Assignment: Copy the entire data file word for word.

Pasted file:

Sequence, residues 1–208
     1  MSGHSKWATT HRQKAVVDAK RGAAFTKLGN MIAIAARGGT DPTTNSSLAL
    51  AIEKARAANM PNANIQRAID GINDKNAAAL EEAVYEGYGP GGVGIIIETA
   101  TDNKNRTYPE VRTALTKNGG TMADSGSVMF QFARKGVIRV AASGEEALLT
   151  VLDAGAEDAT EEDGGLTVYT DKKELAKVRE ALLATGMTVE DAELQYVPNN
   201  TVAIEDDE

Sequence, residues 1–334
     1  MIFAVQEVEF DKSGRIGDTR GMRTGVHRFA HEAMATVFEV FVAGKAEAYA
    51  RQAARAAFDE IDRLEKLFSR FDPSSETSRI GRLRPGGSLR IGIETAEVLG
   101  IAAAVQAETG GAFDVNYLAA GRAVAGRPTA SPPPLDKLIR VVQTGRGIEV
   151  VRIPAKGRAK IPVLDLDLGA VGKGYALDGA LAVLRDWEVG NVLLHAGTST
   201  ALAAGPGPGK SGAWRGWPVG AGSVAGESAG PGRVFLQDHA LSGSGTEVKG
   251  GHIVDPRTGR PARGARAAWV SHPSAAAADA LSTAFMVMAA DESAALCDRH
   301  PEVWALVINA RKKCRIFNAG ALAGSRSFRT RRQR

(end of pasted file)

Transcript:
Sequence, residues 1–208
     1  MSGHSKWATT HRQKAVVDAK RGAAFTKLGN MIAIAARGGT DPTTNSSLAL
    51  AIEKARAANM PNANIQRAID GINDKNAAAL EEAVYEGYGP GGVGIIIETA
   101  TDNKNRTYPE VRTALTKNGG TMADSGSVMF QFARKGVIRV AASGEEALLT
   151  VLDAGAEDAT EEDGGLTVYT DKKELAKVRE ALLATGMTVE DAELQYVPNN
   201  TVAIEDDE

Sequence, residues 1–334
     1  MIFAVQEVEF DKSGRIGDTR GMRTGVHRFA HEAMATVFEV FVAGKAEAYA
    51  RQAARAAFDE IDRLEKLFSR FDPSSETSRI GRLRPGGSLR IGIETAEVLG
   101  IAAAVQAETG GAFDVNYLAA GRAVAGRPTA SPPPLDKLIR VVQTGRGIEV
   151  VRIPAKGRAK IPVLDLDLGA VGKGYALDGA LAVLRDWEVG NVLLHAGTST
   201  ALAAGPGPGK SGAWRGWPVG AGSVAGESAG PGRVFLQDHA LSGSGTEVKG
   251  GHIVDPRTGR PARGARAAWV SHPSAAAADA LSTAFMVMAA DESAALCDRH
   301  PEVWALVINA RKKCRIFNAG ALAGSRSFRT RRQR